4. Conclusion

The study confirms that acoustic emission techniques coupled with electrochemical measurements is an effective in situ method for studying the pulverization of electrodes for Ni-MH and Li-ion batteries. With metal hydride electrodes for Ni-MH batteries, it was demonstrated that the process inducing the pulverization of MgNi and MgTi-[10%.sub.w]Pd produced by ball milling differs notably from that of La[Ni.sub.5] -based material. The pulverization of this latter occurs at the beginning of the charge step and can be related to the abrupt volume change in the [alpha]-to-[beta] phase transition zone whereas for MgNi and MgTi-[10%.sub.w]Pd, it is mainly due to the mechanical action of the [H.sub.2] bubbles produced at the end of the charge step. On silicon electrode for Li-ion batteries, the AE measurements tends to indicate that the electrode decrepitation is mainly due to the abrupt volume variation related to the formation (in charge) and disappearance (in discharge) of the crystalline [Li.sub.15][Si.sub.4] phase.

References

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[2.] P.H.L. Notten, J.L.C. Daams and R.E.F. Einerhand, 'On the nature of the electrochemical cycling stability of non-stoichiometric La[Ni.sub.5]-based hydride-forming compounds Part II. In situ x-ray diffractometry', J. Alloys Compd., 210, (1-2), 233-241, 1994

[3.] S. Ruggeri and L. Roue, 'Correlation between charge input and cycle life of MgNi electrode for Ni-MH batteries'. J. Power Sources, 117, (1-2), 260-66, 2003

[4.] S. Rousselot, M.-P. Bichat, D. Guay and L. Roue, 'Structural and Electrochemical Hydriding Characteristics of Mg-Ti-Based Alloys Prepared by High Energy Ballmilling', J. Electrochem. Soc., 156, (12), A967-A973, 2009

[5.] U. Kasavajjula, C. Wang and A.J. Appleby, 'Nano- and bulk-silicon-based insertion anodes for lithium-ion secondary cells', J. Power Sources, 163, (2), 1003-1039.

[6.] S. Didier-Laurent, H. Idrissi and L. Roue, 'In-situ study of the cracking of metal hydride electrodes by acoustic emission technique', J. Power Sources, 179, (1), 412-416, 2008.

[7.] A. Etiemble, H. Idrissi and L. Roue, 'On the decrepitation mechanism of MgNi and La[Ni.sub.5]-based electrodes studied by in situ acoustic emission', J. Power Sources, 196, (11), 5168-5173, 2011.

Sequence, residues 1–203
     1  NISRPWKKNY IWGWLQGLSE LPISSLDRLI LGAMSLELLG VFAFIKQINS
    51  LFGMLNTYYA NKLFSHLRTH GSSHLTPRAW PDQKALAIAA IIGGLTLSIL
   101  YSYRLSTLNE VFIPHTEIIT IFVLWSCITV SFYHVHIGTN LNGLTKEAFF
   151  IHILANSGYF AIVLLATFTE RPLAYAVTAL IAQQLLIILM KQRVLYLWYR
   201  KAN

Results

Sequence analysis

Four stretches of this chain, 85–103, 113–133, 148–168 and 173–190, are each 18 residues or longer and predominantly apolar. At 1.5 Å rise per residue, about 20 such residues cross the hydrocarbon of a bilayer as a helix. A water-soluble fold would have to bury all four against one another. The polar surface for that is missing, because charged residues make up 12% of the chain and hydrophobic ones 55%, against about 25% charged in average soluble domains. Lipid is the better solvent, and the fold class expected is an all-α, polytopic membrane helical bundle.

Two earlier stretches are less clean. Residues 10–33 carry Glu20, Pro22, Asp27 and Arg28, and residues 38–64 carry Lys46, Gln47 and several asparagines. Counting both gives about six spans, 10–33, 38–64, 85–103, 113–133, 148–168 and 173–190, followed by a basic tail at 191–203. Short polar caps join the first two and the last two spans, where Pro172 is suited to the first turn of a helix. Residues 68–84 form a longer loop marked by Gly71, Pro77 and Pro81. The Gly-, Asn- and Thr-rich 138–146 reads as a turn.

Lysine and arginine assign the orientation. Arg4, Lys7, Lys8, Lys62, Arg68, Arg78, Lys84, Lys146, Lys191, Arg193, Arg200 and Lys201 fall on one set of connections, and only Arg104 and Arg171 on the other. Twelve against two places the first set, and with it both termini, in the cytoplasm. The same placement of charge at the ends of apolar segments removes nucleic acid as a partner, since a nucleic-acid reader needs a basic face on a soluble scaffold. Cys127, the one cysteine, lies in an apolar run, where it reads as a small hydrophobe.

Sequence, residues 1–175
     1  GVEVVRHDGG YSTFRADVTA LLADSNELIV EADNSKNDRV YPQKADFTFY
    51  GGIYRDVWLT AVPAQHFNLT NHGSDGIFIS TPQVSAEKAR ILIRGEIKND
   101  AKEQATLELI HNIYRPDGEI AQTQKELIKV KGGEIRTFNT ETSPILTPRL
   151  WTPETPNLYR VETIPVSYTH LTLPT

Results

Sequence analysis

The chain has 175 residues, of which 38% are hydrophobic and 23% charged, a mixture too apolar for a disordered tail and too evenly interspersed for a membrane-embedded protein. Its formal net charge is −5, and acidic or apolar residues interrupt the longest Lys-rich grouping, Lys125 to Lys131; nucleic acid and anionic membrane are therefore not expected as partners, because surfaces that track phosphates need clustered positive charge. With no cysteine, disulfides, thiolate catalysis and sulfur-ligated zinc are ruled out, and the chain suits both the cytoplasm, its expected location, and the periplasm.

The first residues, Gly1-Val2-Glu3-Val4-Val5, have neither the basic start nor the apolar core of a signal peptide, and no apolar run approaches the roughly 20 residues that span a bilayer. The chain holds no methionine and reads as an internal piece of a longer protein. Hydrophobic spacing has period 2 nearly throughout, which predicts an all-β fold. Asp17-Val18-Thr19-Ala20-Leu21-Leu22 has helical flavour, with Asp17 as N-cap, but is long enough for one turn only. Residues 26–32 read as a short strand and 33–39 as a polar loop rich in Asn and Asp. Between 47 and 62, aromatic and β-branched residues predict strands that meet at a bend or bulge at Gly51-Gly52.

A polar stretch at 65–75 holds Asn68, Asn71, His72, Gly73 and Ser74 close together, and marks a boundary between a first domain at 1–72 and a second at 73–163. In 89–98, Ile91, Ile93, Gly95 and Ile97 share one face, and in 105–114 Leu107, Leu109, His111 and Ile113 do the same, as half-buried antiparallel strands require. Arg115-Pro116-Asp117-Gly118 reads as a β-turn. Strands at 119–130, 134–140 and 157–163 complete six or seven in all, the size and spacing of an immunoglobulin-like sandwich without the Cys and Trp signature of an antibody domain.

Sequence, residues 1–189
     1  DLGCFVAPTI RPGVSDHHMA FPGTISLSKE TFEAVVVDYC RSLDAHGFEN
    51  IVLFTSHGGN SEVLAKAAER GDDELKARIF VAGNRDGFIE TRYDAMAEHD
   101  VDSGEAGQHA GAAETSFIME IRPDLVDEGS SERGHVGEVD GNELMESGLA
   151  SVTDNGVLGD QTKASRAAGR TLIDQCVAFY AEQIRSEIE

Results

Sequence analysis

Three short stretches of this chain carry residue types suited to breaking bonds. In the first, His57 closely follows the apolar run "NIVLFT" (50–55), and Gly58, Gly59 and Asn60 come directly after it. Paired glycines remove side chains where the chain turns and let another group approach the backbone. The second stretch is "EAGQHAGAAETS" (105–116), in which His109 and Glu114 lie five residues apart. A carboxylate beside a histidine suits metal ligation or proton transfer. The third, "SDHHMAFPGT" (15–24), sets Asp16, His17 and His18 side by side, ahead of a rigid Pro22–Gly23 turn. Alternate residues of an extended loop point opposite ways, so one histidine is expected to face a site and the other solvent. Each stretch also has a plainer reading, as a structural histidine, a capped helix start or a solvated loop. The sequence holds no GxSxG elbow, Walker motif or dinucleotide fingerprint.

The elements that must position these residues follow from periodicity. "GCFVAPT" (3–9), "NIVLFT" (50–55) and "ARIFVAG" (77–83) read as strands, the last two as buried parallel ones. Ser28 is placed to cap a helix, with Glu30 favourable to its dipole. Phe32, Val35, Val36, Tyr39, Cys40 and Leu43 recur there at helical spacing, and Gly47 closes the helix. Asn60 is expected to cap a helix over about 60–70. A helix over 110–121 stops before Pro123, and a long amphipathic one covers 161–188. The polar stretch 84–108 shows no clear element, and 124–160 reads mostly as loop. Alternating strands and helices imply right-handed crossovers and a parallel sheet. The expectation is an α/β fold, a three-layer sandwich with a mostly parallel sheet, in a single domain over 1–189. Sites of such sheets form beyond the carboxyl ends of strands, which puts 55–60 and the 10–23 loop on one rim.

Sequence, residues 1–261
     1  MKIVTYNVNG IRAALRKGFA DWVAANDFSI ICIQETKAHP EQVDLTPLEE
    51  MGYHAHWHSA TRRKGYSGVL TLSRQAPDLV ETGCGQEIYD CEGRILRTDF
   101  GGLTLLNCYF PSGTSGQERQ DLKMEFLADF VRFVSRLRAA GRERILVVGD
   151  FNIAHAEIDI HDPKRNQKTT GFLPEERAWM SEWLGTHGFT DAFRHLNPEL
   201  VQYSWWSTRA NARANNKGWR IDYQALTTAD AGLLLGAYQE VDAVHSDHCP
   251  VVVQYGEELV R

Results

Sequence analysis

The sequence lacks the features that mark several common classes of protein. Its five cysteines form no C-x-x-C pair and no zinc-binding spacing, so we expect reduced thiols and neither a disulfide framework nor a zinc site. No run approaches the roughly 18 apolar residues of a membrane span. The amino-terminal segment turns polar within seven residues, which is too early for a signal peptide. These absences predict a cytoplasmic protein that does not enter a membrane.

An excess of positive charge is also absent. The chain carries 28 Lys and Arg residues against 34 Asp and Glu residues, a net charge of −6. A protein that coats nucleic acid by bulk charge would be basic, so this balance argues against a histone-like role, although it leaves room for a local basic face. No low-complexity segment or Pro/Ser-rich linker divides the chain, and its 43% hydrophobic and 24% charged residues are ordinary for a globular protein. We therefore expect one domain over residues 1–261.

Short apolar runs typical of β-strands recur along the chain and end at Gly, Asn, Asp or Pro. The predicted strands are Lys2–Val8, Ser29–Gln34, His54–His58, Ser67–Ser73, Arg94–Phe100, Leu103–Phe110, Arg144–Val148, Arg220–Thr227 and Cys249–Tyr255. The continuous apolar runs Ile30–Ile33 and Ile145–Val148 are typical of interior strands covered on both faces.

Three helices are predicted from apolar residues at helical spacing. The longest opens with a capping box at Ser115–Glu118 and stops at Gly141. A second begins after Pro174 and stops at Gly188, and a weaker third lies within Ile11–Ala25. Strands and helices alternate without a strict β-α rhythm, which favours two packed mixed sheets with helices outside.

[8.] A. Etiemble, H. Idrissi and L. Roue, 'In situ investigation of the volume change and pulverization of hydride materials for Ni-MH batteries by concomitant generated force and acoustic emission measurements', J. Power Sources, 205, 500-505, 2012.

[9.] S. Rousselot, M. Gauthier, D. Mazouzi, B. Lestriez, D. Guyomard and L. Roue, 'Synthesis of boron-doped Si particles by ball milling and application in Li-ion batteries', J. Power Sources, 202, 262-268, 2012.

[10.] J. Li and J.R. Dahn, 'An In Situ X-Ray Diffraction Study of the Reaction of Li with Crystalline Si', J. Electrochem. Soc., 154, (3), A156-A161, 2007.

[11.] F. Bellenger, H. Mazille and H. Idrissi, 'Use of acoustic emission technique for the early detection of aluminum alloys exfoliation corrosion', NDT & E International, 35, (6), 385-392, 2002.

[12.] M. Perrin, L. Gaillet, C. Tessier and H. Idrissi, 'Hydrogen embrittlement of prestressing cables', Corr. Sc. , 52, (6), 1915-1926, 2010.

Aurelien Etiemble (1,2), Hassane Idrissi (2) and Lionel Roue (1)

(1) INRS-Energie, Materiaux et Telecommunications, 1650, bd. Lionel Boulet, Varennes, Quebec, J3X1S2 Canada.

(2) INSA-Lyon MATEIS CNRS UMR5510, F-69621 Villeurbanne, France
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Author:Etiemble, Aurelien; Idrissi, Hassane; Roue, Lionel
Publication:Journal of Acoustic Emission
Date:Jan 1, 2012